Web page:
Genre: Action & Adventure
Runtime: 1 hr 50 min
MPAA Rating: PG
Director: Richard Donner
Starring: Sean Astin, Josh Brolin, Jeff Cohen, Corey Feldman, Kerri Green, Martha Plimpton, Ke Huy Quan, Anne Ramsey, Robert Davi, Joe Pantoliano, John Matuszak
Review by: ShaneBurridge
Added: 8 years ago
The Golden Age for Kids' Movies must have been the 80s, when Steven Spielberg directed and/or wrote and/or produced a number of handsomely budgeted fantasy/action films that adults enjoyed and kids adored. This era gave rise to a generation with a long-standing devotion to movies like GREMLINS, INDIANA JONES, E.T., BACK TO THE FUTURE, POLTERGEIST, and the occasional non-Spielberg effort like WARGAMES or GHOSTBUSTERS. But as popular as these films remain, THE GOONIES, a comic adventure directed by Richard Donner, is the one that has earned the most noticeable cult following, perhaps because it was one of the few crowd-pleasers of the time that wasn't followed up immediately by a sequel, spinoff, revisitation or elaboration, leaving it like a moment preserved in cinematic amber. It's also likely that THE GOONIES cult perseveres because the movie plays better for adults now than it did back in 1985, when other higher-concept films made its simple storyline look like a throwback to Disney. Then, too, there was the anti-Disney decision to have its cast of kids swear and constantly heckle each other, which some viewers at the time found off-putting - in that respect at least, THE GOONIES may well have been a groundbreaker - but provided it with an element that kept it from appearing dated, for better or worse.
The 'Goonies' - kids who live in an area of town known as the Goondocks (although how property with ocean frontage can be inferred as boondocks is beyond me) - are resigned to spending their last weekend together before property developers claim their homes and they all move out of state. In a last ditch effort to save their homes they embark upon a search for pirate treasure rumored to be buried in nearby caves, running afoul of a group of counterfeiters in the process. The result is pretty much a kid-scale "Raiders of the Lost Treasure", with one cast member having already cut his teeth on an Indiana Jones movie the previous year. Because the story is so thin, Donner and screenwriter Chris Columbus keep the movie as busy as possible - the kids talk fast and overlap each other and the story evolves in a cinematic version of 'real time' where every event unfolds without pause and leads directly to the next. When everything slams to a finish at the final credits, you'll feel more like you were on a theme park ride than at a movie. The movie's finale, where all the kids' parents appear on the beach at the end of their adventure, doesn't make any sense even as a schmaltzy wrapup, but when the gang enthuse about their most memorable moments, you realize they're acting on behalf of the kids in the audience talking about their favorite scenes as they leave the theater with their own parents.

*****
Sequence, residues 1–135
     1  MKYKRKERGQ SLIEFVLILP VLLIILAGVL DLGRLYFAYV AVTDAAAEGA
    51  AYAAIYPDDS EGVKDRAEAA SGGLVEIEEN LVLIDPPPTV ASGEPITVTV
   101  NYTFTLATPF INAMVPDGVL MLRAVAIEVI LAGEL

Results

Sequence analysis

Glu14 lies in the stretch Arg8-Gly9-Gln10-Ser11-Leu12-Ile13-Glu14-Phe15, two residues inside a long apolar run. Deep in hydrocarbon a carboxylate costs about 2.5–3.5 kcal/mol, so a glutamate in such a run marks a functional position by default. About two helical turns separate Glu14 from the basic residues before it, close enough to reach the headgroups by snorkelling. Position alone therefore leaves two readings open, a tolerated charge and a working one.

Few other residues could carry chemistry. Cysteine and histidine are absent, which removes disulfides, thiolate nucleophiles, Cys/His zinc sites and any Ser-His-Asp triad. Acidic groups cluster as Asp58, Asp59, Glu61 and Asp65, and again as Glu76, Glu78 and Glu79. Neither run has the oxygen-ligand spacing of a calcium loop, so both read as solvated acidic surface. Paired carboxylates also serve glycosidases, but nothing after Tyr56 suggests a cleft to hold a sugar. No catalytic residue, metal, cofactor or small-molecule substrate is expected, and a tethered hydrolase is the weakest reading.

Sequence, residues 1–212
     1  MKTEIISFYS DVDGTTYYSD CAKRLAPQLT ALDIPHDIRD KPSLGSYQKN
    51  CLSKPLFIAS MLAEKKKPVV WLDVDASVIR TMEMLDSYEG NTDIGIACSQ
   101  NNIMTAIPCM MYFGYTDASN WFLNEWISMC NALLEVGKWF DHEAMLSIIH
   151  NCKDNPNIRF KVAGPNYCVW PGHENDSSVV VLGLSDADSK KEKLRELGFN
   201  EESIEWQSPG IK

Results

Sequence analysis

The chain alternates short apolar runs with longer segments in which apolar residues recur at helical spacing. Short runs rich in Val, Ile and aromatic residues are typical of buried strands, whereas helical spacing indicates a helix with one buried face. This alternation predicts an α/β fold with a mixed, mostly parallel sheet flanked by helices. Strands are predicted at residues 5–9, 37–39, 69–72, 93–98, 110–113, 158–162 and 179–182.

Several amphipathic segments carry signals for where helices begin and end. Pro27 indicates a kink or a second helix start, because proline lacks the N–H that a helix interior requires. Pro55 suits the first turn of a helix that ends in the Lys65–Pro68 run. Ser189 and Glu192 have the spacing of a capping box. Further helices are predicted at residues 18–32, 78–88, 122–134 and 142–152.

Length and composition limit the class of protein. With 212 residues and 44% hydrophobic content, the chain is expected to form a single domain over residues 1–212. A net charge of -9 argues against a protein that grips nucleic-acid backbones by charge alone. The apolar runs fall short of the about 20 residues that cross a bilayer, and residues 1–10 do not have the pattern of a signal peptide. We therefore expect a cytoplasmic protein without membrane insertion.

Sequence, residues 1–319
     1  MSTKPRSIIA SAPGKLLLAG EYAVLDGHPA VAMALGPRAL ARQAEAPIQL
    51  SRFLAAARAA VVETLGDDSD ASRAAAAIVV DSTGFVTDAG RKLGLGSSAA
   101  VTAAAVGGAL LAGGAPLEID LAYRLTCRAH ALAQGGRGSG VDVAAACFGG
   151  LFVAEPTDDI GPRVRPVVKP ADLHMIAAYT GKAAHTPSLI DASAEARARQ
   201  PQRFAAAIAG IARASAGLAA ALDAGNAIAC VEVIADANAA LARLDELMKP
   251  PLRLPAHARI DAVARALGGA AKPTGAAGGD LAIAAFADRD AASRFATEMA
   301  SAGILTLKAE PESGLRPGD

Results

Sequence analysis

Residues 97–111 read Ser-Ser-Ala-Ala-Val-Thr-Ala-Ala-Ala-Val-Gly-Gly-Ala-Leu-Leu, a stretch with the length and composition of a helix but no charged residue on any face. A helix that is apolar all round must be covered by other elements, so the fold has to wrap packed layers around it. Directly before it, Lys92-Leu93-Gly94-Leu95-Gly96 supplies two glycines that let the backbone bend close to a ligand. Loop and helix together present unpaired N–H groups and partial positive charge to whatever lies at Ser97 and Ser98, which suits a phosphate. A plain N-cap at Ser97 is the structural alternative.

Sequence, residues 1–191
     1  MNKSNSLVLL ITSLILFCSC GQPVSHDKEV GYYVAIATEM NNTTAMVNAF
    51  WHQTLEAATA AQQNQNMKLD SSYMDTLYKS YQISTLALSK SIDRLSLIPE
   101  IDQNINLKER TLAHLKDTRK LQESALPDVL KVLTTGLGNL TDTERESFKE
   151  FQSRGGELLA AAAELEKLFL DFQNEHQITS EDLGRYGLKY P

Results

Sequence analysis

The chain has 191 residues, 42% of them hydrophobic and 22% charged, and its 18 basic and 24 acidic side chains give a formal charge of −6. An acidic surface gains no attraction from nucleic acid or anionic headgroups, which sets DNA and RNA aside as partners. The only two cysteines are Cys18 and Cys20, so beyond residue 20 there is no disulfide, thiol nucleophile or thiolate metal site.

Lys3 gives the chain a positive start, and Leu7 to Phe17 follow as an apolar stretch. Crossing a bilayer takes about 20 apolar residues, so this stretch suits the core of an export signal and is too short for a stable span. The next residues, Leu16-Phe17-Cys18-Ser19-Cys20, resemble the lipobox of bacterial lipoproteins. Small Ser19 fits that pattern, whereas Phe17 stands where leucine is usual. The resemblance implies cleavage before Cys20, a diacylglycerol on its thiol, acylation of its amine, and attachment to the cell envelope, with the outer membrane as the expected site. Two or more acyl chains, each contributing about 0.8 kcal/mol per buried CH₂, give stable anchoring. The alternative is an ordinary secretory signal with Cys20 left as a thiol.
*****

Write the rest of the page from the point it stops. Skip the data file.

Because the story moves so fast, we don't even question why these kids are friends, so why should it be a big deal if they split up? They're not meant to be lovable, (which is probably a good thing), and if they come over as obnoxious then it's only because of the effective, natural performances that Donner gets out of them. They're so self-absorbed that calling themselves 'The Goonies' is about the only bond they have, other than their status as outsiders (the Fat Kid, the Loudmouth, the Brain, the Puny Kid). They don't call themselves by their real names, which puts them on a parallel plane with the equally infantile Fratelli gang who are referred to as 'Ma', 'Sloth', or just 'your brother' (Fratelli itself isn't even a name - it's just Italian for 'siblings'), who make good villains for the movie because they're more like grown-up bullies than authoritative adults. If the kids are abrasive, then it stands to reason that the bad guys have to be even more so, and Anne Ramsey's portrayal of Ma is so effortlessly over the top that she steals every scene she's in. Now that the brashness of THE GOONIES doesn't seem so unusual, it can be enjoyed as a lively family film. Mention should be made of the film's opening sequence, which choreographs directing, editing and scoring so snappily that the rest of the movie has its work cut out keeping up with it.